Timberline Trail, Mount Hood; photo credit: U.S. Forest Service Pacific Northwest Region

The 7 Best Hikes Near Portland

Lush forest greenery, glacier-covered volcanoes, cascading waterfalls, expansive ocean views — does this sound like your type of hiking adventure? Check out the best hikes near Portland, Oregon.

If so, you should add these day hikes near Portland, Oregon, to your to-do list. Within 2 hours’ drive of Portland, you can find hikes with all these views and more. Whether you’re just visiting Portland or have lived there your whole life, the area has something for everyone. And if you don’t feel like driving, Portland also has acres of parks that make you forget you’re in a city.

After living in Portland for almost 20 years and spending a lot of that time exploring the surrounding area, I’ve chosen a few of my favorite nearby hikes. All of these hikes are within a 2-hour drive from the city and are suitable for a day hike. Get your hiking pants on and get out exploring the beautiful Oregon outdoors!

Editor’s note: Due to COVID-19, amenities such as restrooms and visitor centers may be closed. Be sure to check for current closures or restrictions before visiting your local park.

Best Hikes Near Portland

Pittock Mansion

View of Mount Hood from Pittock Mansion
Mount Hood from Pittock Mansion; photo credit: RONg via Flickr

Forest Park contains over 80 miles of trails, right in the city of Portland. A 10-minute drive will get you to this sprawling expanse, where it’s easy to get lost or to get a lot of mileage or elevation gain. Pittock Mansion is a great starting hike to explore the park’s trails, with iconic views of Portland and Mount Hood.

This popular hike begins at Lower Macleay Trailhead. The trail winds through Balch Canyon before meeting up with the Wildwood Trail. The Wildwood Trail is a 30-mile long path that runs the entire length of Forest Park — if you’re inclined to take such a journey. Stay right when you reach Upper Macleay Trail, and then rejoin Wildwood to make a few steep switchbacks up to the Pittock Mansion parking lot.

The cost of admission to Pittock Mansion is $12, but strolling the beautiful gardens is free and well worth it. Check out the views over downtown and have a picnic on the sprawling lawns before hiking down the way you came. You could also continue your hike further into Forest Park or take a different way down.

Location: Forest Park
Distance: 5.7 miles round trip
Elevation gain: 960 feet
Need to know: Dogs allowed on leashes and no permit required
Drive time: 10 minutes from Portland

Dog Mountain 

Dog Mountain
Dog Mountain; photo credit, Jeffhollett via Wikimedia

This steep and rewarding hike climbs out of the Columbia Gorge to expansive views at an old fire lookout site. The upper slopes are covered in balsamroot and other wildflowers in the spring, creating a sea of gold, purple, and red that will take your breath away. The views up and down the gorge make you feel like you’re on top of the world.

Begin the hike in a parking lot off Highway 14. This hike is very popular in the spring and summer, and the parking lot is incredibly busy, so plan to arrive before 8 a.m. or after 5 p.m. on weekends. And on weekends between April 18 and June 14, reserve a permit online. It costs $1.50 for the permit to park in the lot.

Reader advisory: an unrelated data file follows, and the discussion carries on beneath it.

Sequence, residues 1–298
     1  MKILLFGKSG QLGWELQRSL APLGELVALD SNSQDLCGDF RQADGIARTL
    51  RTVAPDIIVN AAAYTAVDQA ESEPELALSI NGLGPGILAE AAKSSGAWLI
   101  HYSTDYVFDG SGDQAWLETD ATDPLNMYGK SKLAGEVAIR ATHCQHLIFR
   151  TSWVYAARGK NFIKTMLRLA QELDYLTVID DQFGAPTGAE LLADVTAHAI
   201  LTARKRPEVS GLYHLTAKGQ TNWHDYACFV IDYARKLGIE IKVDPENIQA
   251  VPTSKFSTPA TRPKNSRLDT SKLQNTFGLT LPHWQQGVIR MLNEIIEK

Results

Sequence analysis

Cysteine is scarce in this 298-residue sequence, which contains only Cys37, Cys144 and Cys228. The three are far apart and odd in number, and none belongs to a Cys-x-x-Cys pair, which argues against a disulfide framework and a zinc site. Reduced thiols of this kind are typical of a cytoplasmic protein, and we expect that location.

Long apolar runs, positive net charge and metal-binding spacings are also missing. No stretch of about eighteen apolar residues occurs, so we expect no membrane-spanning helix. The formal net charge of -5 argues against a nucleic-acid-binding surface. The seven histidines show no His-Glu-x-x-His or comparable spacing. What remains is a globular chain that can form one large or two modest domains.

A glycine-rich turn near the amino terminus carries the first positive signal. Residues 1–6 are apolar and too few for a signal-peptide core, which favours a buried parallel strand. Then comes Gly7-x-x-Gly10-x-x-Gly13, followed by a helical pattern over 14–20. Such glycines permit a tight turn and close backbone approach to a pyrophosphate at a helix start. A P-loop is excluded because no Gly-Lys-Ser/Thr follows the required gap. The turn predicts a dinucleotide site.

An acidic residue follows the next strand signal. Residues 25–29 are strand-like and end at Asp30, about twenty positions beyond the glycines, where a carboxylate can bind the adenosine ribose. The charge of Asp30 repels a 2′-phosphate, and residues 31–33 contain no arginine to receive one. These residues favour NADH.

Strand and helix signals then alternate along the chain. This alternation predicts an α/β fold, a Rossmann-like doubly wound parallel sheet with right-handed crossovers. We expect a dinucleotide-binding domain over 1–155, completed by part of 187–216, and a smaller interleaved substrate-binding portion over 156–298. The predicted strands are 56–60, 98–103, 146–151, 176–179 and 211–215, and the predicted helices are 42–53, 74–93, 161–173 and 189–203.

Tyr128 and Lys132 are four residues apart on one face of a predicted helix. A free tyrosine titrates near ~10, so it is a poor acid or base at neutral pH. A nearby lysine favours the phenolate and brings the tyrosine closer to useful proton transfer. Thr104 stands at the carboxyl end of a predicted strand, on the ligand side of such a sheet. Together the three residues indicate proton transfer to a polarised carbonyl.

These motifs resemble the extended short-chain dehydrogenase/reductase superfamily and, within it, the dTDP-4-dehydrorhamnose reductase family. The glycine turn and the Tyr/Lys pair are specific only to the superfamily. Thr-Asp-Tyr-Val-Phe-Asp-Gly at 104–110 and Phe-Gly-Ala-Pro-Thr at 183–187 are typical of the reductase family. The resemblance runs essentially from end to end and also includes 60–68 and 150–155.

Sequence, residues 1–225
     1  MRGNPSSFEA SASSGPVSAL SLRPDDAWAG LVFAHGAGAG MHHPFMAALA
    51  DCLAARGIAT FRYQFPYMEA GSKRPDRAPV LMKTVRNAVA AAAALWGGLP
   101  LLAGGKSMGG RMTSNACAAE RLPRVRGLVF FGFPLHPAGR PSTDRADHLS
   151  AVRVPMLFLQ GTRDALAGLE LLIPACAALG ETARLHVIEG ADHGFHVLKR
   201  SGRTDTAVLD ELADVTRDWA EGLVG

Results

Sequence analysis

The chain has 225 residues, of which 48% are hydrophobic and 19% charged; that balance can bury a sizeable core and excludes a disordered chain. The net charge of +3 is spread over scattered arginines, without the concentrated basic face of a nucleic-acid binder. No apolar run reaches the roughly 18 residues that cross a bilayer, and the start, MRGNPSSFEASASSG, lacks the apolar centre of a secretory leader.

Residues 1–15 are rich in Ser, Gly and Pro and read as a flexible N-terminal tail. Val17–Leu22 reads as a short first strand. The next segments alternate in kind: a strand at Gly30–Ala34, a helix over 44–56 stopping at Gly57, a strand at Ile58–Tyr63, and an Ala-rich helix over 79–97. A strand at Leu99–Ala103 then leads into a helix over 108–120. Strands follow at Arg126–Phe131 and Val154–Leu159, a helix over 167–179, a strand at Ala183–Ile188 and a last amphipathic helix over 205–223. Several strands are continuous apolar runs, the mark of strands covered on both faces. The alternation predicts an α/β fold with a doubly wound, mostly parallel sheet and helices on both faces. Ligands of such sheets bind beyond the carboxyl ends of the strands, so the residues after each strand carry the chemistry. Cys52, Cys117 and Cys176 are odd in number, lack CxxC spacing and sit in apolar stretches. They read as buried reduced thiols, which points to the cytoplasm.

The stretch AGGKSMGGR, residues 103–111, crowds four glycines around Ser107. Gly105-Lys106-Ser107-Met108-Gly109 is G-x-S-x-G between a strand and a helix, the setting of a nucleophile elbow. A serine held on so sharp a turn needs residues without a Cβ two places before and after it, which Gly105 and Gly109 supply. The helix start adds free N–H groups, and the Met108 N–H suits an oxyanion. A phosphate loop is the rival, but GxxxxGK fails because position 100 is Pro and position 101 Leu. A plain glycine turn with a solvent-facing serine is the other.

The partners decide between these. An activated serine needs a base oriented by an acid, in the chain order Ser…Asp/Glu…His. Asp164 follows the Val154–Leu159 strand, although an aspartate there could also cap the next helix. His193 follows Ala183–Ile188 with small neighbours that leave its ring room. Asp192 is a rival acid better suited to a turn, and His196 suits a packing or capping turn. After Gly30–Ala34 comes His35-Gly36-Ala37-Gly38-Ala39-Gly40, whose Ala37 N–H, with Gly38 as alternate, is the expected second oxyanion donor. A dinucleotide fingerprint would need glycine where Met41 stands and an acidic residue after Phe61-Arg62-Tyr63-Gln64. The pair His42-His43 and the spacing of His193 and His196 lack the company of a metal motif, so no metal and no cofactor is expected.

From the trailhead, you will start climbing immediately, leaving the noise of the highway behind. The trail switchbacks until you reach a junction that gives you two options: “difficult” and “more difficult.” Both options are about the same in terms of required effort — the more difficult old trail is an older, shorter trail with fewer switchbacks.

The two options meet back up and continue to climb a rocky trail to open meadows and views in either direction. At the top a grove of trees provides some shelter — the top of Dog Mountain can be quite windy. After you enjoy the views, head back down to the shelter of the forest.

Location: Columbia River Gorge
Distance: 6.9 miles round trip
Elevation gain: 2,800 feet
Need to know: Dogs allowed on leashes and Northwest Forest Pass required (also permits required from April 18 to June 14)
Drive time: 1 hour from Portland

Dry Creek Falls

Dry Creek Falls, Portland Best Hikes
Dry Creek Falls; photo credit: Bonnie Moreland via Flickr

The hike to this cascading waterfall is one of the best hikes in the Columbia River Gorge. Starting at the Bridge of the Gods Trailhead, follow the Pacific Crest Trail (PCT) as it parallels I-84. Cross under an overpass and stay right on a gravel road for about 100 yards. Take the PCT/Gorge Trail #400 on the left. The trails winds east and into the woods.

Meander your way through a typical Northwest forest landscape full of big-leaf maples, Douglas firs, and lots of ferns. This area was impacted by the 2017 Eagle Creek Fire, but the canopy remains intact. Look for signs of new growth and fire-scarred trees as you hike.

You will arrive at a junction where the PCT continues over a wooden bridge. Turn right here and head up a dirt road to the falls. The falls are a spectacular, 75-foot-tall single stream of water, tumbling over moss-covered basalt pillars.

Location: Columbia River Gorge
Distance: 4.4 miles round trip
Elevation gain: 725 feet
Need to know: Dogs allowed on leashes and NW Forest Pass required at the trailhead